CAL FIRE Secret Fund Paid For Beach Resort Conference

California fire funds paid for GPS units, Pismo Beach conference

By Kevin Yamamura

A California fire account hidden from state lawmakers paid for $22,000 in metal detectors,$30,000 in GPS units – and $33,000 for a conference at a Pismo Beach resort, according to a spreadsheet released Tuesday showing expenses dating back to 2011.

Since 2005, the state Department of Forestry and Fire Protection directed a share of high-dollar wildfire settlements to an off-budget fund managed by the California District Attorneys Association, the Los Angeles Times and Wall Street Journal reported Friday.

Cal Fire Director Ken Pimlott told The Bee on Tuesday he never knew the $3.66 million fund was cloaked from state leaders and the Department of Finance. Cal Fire froze the account last year and scheduled it for dissolution in February at the request of the prosecutors' group.

"I had no way of knowing whether Finance did or did not know about it," Pimlott said. "It was started in 2005."

The Department of Finance and state lawmakers didn't know about the Wildland Fire Investigation Training and Equipment Fund, and they never tracked the money in the state budget. Finance officials are now conducting an audit of the "WiFiter" account, while the Joint Legislative Audit Committee plans to hold a hearing to examine accounts funded by legal settlements.

Pimlott said he first learned of its off-book nature when a reporter questioned the department more than a week ago, after which he said he notified the Department of Finance.

The Cal Fire controversy comes after The Bee reported last summer that the state Department of Parks and Recreation hid millions of dollars from state finance officials for years.

The Cal Fire account was designed to help fire investigators and prosecutors at various state and local agencies, according to spokeswoman Janet Upton. Since 2005, the fund has paid for conference travel, as well as GPS vehicle trackers, storage sheds, cameras and computers, among other equipment, according to a spreadsheet and audit documents.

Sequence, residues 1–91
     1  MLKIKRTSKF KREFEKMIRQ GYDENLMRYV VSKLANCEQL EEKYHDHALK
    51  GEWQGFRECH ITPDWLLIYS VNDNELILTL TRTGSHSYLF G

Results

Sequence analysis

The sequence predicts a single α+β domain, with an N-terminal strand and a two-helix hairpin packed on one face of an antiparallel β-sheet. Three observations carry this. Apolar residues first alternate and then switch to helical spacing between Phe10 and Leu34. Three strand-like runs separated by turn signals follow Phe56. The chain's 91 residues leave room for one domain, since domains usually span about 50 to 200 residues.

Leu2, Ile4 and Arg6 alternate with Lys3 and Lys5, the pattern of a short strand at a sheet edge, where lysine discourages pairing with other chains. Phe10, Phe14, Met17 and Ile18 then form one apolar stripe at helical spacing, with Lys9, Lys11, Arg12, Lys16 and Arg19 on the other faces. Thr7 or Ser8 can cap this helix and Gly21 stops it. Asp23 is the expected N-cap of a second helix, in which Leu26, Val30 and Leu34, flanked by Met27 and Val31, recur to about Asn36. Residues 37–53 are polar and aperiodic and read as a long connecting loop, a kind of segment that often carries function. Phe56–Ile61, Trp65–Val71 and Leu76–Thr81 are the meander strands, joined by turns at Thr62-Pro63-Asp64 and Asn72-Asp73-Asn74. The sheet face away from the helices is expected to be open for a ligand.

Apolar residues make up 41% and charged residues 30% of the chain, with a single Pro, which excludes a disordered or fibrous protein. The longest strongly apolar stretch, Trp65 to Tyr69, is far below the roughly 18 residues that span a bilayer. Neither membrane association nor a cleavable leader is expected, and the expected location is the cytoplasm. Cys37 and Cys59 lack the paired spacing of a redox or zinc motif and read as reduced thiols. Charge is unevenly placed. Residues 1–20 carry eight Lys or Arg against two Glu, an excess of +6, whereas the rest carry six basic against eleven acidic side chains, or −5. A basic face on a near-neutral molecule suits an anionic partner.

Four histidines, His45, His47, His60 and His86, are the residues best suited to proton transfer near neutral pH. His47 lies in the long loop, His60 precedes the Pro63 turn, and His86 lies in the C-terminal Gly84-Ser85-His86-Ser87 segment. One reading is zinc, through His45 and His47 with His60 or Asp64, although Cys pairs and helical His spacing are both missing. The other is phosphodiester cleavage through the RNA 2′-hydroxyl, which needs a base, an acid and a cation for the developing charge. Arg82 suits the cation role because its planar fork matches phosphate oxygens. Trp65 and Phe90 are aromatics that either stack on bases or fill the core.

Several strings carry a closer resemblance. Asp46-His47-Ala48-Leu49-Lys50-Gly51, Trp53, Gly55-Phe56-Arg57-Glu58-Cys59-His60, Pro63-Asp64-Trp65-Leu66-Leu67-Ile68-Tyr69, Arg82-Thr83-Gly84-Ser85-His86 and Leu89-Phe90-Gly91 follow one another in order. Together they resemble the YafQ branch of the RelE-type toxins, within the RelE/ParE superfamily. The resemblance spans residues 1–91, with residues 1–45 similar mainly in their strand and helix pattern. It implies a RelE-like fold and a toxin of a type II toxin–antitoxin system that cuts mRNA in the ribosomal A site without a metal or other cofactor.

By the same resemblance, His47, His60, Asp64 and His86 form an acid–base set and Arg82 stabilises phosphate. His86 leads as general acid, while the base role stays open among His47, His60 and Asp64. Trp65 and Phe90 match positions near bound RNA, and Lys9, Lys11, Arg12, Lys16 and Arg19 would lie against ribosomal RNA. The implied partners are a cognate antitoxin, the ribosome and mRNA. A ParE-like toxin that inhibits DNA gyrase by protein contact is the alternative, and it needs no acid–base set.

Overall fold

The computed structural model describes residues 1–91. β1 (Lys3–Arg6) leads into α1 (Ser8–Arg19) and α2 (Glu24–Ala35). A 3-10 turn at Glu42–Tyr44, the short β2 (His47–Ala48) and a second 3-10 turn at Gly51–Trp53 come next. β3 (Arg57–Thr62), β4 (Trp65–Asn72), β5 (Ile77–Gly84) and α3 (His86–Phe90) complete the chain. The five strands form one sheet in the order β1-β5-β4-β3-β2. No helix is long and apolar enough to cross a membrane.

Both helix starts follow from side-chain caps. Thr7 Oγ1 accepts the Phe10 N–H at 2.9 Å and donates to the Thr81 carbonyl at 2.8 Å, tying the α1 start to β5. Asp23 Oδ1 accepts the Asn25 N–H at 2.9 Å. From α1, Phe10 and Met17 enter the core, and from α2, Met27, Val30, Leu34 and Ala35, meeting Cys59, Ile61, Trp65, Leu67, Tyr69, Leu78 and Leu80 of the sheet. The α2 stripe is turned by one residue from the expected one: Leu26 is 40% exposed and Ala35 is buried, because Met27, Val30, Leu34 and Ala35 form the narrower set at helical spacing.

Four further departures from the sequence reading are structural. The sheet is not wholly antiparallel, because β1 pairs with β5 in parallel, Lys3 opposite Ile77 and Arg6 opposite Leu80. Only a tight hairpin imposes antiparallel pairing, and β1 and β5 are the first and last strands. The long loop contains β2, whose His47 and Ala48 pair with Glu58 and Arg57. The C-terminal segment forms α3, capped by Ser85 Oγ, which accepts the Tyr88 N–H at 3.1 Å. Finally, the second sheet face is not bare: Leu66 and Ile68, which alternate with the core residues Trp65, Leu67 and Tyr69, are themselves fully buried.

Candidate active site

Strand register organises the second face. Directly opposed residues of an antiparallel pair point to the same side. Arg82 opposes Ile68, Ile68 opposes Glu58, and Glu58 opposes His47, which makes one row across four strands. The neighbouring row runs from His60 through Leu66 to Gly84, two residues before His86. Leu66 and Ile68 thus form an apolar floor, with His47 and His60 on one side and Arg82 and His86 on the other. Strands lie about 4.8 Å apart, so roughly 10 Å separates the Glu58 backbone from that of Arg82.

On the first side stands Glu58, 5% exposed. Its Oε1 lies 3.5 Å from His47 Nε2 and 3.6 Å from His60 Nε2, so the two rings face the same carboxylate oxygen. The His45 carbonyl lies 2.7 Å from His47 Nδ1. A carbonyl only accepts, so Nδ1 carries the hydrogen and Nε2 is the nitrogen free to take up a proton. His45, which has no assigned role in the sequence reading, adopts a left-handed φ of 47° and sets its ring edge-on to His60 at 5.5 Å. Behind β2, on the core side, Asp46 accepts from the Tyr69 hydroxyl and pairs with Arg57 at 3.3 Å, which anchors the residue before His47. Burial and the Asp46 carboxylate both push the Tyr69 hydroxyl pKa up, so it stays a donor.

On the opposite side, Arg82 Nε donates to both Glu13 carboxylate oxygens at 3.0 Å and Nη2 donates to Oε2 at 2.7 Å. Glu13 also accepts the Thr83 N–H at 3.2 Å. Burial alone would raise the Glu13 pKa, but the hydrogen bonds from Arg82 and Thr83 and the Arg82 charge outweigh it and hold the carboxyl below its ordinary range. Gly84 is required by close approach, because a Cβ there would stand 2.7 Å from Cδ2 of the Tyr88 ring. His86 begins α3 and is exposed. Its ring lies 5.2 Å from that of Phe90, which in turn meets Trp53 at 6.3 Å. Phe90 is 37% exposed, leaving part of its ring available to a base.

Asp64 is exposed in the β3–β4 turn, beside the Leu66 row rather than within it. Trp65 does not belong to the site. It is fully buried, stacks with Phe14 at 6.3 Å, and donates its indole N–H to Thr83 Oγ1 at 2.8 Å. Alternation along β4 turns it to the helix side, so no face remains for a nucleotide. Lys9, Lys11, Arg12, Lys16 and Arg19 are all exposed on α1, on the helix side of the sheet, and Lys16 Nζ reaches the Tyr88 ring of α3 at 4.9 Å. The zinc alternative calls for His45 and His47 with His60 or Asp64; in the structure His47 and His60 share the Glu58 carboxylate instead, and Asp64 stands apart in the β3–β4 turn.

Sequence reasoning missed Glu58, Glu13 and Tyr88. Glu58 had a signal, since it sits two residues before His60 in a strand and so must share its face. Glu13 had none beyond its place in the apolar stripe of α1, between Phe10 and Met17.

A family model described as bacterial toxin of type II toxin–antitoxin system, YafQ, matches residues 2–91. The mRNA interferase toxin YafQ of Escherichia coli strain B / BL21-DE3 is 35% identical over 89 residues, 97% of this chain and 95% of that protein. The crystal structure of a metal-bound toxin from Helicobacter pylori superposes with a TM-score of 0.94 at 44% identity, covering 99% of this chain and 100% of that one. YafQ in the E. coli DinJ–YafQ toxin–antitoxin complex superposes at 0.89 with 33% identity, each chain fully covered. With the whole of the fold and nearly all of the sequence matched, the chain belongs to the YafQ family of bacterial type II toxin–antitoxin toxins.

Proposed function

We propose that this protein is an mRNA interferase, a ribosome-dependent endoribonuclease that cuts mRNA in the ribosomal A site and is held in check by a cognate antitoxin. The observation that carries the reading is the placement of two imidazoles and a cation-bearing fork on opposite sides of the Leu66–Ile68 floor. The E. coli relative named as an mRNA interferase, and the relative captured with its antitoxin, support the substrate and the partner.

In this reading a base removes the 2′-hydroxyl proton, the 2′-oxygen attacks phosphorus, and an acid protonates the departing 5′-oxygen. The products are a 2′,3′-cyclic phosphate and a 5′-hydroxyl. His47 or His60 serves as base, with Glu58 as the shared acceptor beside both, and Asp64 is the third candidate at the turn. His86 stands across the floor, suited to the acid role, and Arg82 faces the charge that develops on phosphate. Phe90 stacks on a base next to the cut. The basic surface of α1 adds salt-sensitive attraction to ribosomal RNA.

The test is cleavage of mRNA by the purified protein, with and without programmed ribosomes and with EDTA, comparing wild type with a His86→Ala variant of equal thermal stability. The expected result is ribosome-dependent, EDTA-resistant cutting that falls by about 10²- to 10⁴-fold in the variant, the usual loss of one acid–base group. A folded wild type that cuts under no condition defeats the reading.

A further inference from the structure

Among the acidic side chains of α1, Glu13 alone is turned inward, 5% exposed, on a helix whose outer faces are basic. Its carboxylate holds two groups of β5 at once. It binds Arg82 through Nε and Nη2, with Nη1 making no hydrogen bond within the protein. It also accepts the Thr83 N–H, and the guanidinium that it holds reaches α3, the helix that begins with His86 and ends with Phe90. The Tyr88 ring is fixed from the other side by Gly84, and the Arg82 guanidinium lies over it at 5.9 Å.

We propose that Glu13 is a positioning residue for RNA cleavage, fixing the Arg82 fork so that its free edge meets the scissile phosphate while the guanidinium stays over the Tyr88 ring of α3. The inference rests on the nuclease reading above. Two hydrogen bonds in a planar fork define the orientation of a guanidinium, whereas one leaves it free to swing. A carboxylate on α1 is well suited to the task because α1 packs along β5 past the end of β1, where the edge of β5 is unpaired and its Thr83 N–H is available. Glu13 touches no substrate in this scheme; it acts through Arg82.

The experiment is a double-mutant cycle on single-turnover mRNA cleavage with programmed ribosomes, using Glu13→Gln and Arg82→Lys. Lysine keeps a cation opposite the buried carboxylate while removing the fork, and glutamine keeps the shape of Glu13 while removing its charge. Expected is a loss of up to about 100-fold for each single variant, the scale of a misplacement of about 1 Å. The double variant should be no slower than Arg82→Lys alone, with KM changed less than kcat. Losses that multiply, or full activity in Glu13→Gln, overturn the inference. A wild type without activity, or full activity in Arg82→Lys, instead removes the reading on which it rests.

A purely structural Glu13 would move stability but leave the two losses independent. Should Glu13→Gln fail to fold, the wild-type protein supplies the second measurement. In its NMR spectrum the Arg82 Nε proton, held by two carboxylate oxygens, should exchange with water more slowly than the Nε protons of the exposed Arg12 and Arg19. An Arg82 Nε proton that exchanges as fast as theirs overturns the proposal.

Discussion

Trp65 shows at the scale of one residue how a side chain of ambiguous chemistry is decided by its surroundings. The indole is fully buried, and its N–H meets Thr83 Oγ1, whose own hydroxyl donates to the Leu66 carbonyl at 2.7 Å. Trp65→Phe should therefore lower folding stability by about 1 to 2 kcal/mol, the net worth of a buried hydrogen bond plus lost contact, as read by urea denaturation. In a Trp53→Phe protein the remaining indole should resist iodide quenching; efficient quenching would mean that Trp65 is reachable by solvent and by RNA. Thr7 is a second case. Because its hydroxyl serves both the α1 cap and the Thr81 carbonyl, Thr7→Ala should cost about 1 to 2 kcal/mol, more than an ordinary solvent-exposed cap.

Funds came from a variety of businesses facing allegations that they were to blame for past wildfires. The biggest payment was $794,763 from Sempra Energy in 2011 related to 2007 fires in the San Diego region.

Asked why conferences and equipment couldn't be paid out of Cal Fire's general fund budget – projected to be $678 million next fiscal year – Upton said cutbacks made it difficult to fund specialized training and equipment for high-level fire investigations.

"At some point you have to cut conferences," she said. "If they were funded by the general fund, they were going to be cut first."

In 2012, the account paid for several training sessions in locales as varied as Sonoma and Visalia. The coastal conference at the Pismo Beach resort was a four-day training session that taught officials from across the state everything from litigation skills to records retrieval, Upton said.

She said Cal Fire has a contract to serve as Pismo Beach's fire department, and that the resort was the only hotel there to provide a "state rate."

Sen. Ted Gaines, R-Rocklin, called Tuesday for a criminal investigation into state officials behind the account.

"Hiding funds outside the state system with an organization that is profiting from the account simply reeks of wrongdoing and demands to be looked into," Gaines said in a statement.

Read more here:

Original story at Sacramento Bee Link

Tuesday, January 29, 2013

CZU gets new Unit Chief "The Right Man For The Job"

 Chief Jalbert makes his home in Santa Cruz
with his wife and daughter and has served
the California Department of Forestry and Fire Protection
for over 26 years.

 San Mateo-Santa Cruz unit of the California Department of Forestry and Fire Protection Welcomes New Chief 

Scott Jalbert of Santa Cruz has been promoted to unit chief of the San Mateo-Santa Cruz unit of the California Department of Forestry and Fire Protection